Retail POS scanners: laser or linear imaging?

Tim Sawyer
It wasn’t too long ago that POS scanning options for the retail industry were simple: if you wanted to capture a barcode, you could choose to use a laser scanner or a contact scanner (also known as a CCD reader). However, if you wanted to read an item with any range involved, you needed to use a laser scanner, as it was the only effective methodology that could capture barcodes with a distance of up to 30 cm.
Lasers have always been ideally suited for logistics and warehouse applications where distance and range have been issues. Today, however, new technology has been developed that has resulted in major improvements to a host of POS products, including linear imaging scanners.
There are several benefits that linear imaging scanners now offer retailers, including range, lower maintenance costs, fewer public safety issues and a higher cost/savings ratio, making them a very attractive alternative to laser scanners. They are similar in range (up to 30 cm), they read the same symbologies, and connect to all of the same POS systems. (As a side comment, it should be noted that this is true only for handheld scanners: laser is still the only option for multi-directional scanners.)
But linear imagers also offer a big advantage over laser scanners in that they have no moving parts, meaning less maintenance over time. In a laser scanner, the laser light is focused through a lens and reflected off an oscillating mirror. Linear imagers use light emitting diodes (LEDs), illuminate the barcode then the sensor decodes the barcodes. This reduction in moving parts can translate into considerable savings in servicing costs, meaning a faster return on investment over laser scanners.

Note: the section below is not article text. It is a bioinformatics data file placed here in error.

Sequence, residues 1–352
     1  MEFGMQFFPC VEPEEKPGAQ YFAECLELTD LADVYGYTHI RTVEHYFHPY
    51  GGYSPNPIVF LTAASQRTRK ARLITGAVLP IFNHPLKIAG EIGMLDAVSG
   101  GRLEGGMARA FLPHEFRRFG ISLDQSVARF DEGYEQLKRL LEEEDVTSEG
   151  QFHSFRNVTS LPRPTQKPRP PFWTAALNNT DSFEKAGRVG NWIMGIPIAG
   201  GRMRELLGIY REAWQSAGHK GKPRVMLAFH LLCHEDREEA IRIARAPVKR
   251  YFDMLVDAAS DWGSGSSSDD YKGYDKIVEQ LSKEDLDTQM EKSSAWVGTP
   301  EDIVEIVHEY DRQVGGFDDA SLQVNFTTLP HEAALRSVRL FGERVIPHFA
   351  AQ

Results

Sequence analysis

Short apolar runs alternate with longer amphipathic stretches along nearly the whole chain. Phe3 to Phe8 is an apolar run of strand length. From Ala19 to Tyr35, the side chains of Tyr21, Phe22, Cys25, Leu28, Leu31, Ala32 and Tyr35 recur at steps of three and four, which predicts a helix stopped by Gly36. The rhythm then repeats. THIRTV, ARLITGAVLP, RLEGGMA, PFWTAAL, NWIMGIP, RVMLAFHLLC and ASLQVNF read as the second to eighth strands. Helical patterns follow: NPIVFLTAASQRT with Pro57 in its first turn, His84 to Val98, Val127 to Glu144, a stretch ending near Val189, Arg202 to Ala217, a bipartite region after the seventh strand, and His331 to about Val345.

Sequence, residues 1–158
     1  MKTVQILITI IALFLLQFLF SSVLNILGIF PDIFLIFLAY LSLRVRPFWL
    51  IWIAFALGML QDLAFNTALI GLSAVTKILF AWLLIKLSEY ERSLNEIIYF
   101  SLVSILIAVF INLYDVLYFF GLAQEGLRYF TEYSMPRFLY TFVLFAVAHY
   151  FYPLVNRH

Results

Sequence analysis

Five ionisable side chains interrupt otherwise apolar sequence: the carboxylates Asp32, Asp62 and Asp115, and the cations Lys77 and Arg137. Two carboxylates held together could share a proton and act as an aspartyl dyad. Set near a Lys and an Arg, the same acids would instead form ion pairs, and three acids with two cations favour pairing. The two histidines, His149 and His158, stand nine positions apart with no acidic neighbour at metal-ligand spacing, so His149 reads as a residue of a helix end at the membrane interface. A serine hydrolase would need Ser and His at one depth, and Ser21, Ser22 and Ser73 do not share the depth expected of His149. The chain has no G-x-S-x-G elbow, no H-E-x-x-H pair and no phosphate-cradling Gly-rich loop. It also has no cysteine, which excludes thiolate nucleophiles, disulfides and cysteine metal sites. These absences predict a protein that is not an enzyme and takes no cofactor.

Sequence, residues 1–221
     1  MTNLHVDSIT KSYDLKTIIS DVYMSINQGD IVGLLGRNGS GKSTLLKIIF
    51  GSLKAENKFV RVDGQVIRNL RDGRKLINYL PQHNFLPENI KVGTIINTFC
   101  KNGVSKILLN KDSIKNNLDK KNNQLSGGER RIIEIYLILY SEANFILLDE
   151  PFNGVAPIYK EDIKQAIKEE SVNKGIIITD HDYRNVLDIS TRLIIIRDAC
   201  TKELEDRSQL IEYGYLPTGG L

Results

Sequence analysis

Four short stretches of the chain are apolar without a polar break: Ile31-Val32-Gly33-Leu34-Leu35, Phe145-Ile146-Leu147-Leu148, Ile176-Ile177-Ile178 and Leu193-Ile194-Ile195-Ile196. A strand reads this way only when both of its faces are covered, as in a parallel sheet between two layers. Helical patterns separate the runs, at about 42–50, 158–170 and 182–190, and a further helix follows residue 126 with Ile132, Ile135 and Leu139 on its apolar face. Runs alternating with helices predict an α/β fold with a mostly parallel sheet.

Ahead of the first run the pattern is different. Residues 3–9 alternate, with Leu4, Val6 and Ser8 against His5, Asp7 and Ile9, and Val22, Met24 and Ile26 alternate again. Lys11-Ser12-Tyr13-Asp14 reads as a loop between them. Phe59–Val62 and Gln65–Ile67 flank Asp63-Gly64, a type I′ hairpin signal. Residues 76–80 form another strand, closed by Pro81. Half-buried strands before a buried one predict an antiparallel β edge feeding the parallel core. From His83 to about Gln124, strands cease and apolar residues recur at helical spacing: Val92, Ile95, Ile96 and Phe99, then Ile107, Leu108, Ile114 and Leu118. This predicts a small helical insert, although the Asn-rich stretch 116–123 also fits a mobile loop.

Another advantage is that, because linear imagers use LEDs, they do not have the public safety issues experienced with lasers. It has been definitively proven that laser light can damage human eyes if it is directed directly into them.
Perhaps the biggest benefit offered by linear imaging scanners over laser scanners is that they are more economical, with savings of up to $150 per scanner. For large retail applications that require many POS handheld scanners, this has considerable merit.
So the $64,000 question is, “Which one is right for my business?”
There is no cut and dried answer. If your retail establishment has any POS that requires scanning in an outdoor location, you should choose laser handheld scanners – they will outperform most linear imaging scanners in direct sunlight. However, for all other applications, you have the option of choosing linear imaging or laser. When looking at the overall implementation of hand held scanners, ask yourself three questions:
– Which expense will produce a greater return on my investment?
– Do I need the ability to scan over a distance greater than 30 cm?
– How much will servicing the units add to the initial investment?
The answers will give you all the information you need to make an informed and correct decision for determining whether laser or linear imaging is best for your application and needs.
Tim Sawyer is manager of Cipherlab Australia. For more information call 1300 247 437 or visit at
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